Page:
Thursday, February 04, 2016

Radar Bounced Off the Sun

 We are all familiar with the moon bounce, but the "sun-bounce" is much more obscure accomplishment.  The first successful attempt was transmitted on April 7th, 1959 at Stanford University. the radiomen on the job were Dr. Von Russel Eshleman, Lt. Col. Robert C. Barthle and Dr. Philip B. Gallagher, staff at Stanford University Stanford Electronics Laboratories. Their names appear together on a number of different astrological papers at Stanford:
1955 -  Regularly observable aspect-sensitive radio reflections...
1956 -  Analysis of a new type of radio scattering...
1957 -  Antenna array for studies in meteor and radio astronomy
1957 -  Meteor rate and radiant studies: experimental radio studies...
1958 -  Radio reflections from artificially produced electron clouds
1959 -  Theory of radar studies of the cislunar medium
1960 -  Radar echoes from the sun
The Stanford Electronics Laboratories group continued churning out white papers until 1961. It continued to make reports for NASA until at least 1973. It's notable that follows the departure of Gallagher. Barthe and Eschleman got all the press. Eschleman made the statement to the Stanford newspaper on Sputnik. Their quotes in Popular Mechanics weren't specifically credited.  [SOURCE] Sensibly Escheman and Gallagher went on to work for NASA and continued to write arcane papers that I barely understand for decades.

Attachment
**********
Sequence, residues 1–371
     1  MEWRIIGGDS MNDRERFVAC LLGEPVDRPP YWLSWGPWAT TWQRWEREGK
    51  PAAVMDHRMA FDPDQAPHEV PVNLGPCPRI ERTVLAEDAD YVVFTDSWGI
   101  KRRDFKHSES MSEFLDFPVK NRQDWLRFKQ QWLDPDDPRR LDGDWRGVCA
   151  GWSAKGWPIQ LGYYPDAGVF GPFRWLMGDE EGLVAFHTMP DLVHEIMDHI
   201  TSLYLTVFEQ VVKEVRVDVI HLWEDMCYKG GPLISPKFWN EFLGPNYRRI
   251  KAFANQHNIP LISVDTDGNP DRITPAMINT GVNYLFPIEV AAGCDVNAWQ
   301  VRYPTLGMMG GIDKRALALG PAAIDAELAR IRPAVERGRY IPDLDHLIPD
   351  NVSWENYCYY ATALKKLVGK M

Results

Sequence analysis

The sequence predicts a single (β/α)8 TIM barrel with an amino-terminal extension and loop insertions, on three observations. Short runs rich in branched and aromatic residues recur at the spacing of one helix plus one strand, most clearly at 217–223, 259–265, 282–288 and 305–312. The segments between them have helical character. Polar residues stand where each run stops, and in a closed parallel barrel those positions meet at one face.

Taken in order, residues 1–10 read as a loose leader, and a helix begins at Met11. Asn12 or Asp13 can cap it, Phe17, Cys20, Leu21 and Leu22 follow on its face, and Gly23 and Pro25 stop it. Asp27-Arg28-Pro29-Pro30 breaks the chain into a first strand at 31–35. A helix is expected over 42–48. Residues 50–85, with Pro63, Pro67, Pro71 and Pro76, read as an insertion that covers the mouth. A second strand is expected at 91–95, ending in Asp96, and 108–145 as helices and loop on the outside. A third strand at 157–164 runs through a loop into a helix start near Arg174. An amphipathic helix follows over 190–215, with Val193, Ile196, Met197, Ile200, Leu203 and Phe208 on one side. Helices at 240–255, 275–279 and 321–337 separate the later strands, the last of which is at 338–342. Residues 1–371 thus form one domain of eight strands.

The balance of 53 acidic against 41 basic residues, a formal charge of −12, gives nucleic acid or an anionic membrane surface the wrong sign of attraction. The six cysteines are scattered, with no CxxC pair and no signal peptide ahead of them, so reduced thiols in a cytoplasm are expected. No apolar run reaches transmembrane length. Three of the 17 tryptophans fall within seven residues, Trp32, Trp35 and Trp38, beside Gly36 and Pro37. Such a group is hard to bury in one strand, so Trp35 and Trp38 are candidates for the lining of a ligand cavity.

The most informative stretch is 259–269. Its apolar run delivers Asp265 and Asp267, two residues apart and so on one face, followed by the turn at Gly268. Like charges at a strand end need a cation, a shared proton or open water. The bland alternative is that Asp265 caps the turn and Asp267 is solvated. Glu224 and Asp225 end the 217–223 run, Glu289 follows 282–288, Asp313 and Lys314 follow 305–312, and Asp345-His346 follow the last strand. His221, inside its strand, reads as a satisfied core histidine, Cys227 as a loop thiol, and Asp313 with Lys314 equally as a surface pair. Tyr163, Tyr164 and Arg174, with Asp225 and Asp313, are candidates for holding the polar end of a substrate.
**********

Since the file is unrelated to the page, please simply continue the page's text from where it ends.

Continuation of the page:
Their experiment required a 40,000 watt transmitter. The antenna consisted of 5 miles of wire spread over 11 acres of ground. To quote the Popular Mechanics article "...the sun was difficult to reach by radar because it was 93,000,000 miles away and because of the 'thunderous radio noise' arising from it's turbulent surface."  The signal's round trip took over half an hour.  The signal was a 30-second bursts of dots and dashes that was perceptible the random noise of the sun. The radar echo didn't come from the sun's visible surface but it's outer corona. The return signals were recorded to magnetic tape for further study with an IBM 707 computer.

The experiment was repeated on April 10 and April 12, and the data was published in the journal Science on February 5, 1960. Popular Mechanics wrote it up in May 1960. More here.